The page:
Researchers have studied oil spills in open waters using remote sensors, but few have focused on extracting reflectance features of oil pollution on sea ice. An experiment was conducted on natural sea ice in Bohai Bay, China, to obtain the spectral reflectance of oil-contaminated sea ice. The spectral absorption index (SAI), spectral peak height (SPH), and wavelet detail coefficient (DWT d5) were calculated using stepwise multiple linear regression. The reflectances of some false targets were measured and analysed. The simulated false targets were sediment, iron ore fines, coal dust, and the melt pool. The measured reflectances were resampled using five common sensors (GF-2, Landsat8-OLI, Sentinel3-OLCI, MODIS, and AVIRIS). Some significant spectral features could discriminate between oil-polluted and clean sea ice. The indices correlated well with the oil area fractions. All of the adjusted R2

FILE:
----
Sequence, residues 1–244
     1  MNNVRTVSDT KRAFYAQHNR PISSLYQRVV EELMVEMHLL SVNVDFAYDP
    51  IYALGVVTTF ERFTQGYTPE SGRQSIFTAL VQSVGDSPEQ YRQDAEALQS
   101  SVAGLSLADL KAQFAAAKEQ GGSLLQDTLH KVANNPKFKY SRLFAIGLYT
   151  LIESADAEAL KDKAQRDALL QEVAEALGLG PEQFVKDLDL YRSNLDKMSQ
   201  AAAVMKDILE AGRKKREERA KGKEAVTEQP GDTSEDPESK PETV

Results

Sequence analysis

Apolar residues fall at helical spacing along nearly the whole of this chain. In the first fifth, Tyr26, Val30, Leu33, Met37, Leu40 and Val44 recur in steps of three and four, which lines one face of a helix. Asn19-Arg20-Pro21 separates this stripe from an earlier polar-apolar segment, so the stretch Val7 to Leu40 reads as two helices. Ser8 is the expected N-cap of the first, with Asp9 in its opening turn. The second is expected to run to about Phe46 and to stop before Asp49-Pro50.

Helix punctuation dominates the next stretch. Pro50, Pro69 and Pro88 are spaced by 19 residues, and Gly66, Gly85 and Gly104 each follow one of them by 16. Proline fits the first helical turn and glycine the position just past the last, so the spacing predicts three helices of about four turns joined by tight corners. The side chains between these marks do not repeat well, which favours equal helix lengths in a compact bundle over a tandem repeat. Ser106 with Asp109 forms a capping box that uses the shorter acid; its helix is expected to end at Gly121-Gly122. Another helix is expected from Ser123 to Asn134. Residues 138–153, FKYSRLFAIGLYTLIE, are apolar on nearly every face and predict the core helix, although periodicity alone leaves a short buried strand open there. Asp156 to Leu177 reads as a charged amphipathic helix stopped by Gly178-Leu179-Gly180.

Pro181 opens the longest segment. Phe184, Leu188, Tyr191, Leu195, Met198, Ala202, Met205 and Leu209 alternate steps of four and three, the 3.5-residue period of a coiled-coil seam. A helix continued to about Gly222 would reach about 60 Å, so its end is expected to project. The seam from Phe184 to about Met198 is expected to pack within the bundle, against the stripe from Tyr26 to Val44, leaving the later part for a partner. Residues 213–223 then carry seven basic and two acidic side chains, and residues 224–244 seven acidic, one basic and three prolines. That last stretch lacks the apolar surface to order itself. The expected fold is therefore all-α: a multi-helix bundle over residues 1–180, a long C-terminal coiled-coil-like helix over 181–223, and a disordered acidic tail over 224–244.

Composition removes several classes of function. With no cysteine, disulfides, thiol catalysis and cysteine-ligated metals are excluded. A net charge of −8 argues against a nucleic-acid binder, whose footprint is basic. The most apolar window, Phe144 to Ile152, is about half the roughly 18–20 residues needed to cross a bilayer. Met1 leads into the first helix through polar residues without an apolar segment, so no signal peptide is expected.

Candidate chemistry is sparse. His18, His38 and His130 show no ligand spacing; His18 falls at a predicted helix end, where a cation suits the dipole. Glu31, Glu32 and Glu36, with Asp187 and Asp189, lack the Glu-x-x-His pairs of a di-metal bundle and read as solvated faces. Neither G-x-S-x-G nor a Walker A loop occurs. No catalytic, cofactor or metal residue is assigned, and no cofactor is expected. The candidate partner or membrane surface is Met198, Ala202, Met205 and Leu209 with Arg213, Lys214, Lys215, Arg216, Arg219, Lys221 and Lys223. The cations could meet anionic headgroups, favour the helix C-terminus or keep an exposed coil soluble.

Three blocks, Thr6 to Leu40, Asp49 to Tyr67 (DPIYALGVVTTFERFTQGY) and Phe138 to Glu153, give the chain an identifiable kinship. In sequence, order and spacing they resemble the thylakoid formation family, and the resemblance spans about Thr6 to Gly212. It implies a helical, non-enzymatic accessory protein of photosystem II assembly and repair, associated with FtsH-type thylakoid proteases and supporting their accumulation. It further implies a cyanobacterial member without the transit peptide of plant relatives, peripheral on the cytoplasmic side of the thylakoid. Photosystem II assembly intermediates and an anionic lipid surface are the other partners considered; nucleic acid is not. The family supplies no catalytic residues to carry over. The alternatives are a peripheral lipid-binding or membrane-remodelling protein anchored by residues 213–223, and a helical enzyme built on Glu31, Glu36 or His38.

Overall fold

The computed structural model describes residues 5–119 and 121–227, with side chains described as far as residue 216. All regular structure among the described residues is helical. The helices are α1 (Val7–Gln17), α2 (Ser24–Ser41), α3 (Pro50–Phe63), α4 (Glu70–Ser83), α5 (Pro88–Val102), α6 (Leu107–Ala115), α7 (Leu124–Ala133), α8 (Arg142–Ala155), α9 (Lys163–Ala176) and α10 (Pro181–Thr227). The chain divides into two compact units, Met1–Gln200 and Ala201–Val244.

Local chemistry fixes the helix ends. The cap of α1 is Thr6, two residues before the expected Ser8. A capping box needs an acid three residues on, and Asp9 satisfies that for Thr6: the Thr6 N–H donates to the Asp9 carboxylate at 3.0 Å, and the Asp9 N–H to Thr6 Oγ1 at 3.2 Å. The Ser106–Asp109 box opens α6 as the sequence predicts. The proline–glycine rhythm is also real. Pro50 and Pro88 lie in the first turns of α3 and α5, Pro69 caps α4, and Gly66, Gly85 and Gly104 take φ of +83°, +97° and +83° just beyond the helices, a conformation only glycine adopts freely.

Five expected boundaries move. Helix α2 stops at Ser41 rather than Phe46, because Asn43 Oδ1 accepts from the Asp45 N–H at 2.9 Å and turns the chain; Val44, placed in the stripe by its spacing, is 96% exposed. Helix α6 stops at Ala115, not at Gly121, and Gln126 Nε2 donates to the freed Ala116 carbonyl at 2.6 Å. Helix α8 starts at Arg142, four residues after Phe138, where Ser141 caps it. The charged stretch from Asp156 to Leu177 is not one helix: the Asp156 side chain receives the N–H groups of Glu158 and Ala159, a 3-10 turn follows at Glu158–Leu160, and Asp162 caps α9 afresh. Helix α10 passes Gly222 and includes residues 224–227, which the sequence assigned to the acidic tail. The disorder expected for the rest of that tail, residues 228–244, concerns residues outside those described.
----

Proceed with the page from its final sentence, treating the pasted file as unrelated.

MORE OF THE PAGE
values exceeded 0.9. The SPH model1, based on spectral features at 507–670 and 1627–1746 nm, displayed the best fitting. The resampled data indicated that these multi-spectral and hyper-spectral sensors could be used to detect crude oil on the sea ice if the effect of noise and spatial resolution are neglected. The spectral features and their identified changes may provide reference on sensor design and band selection.
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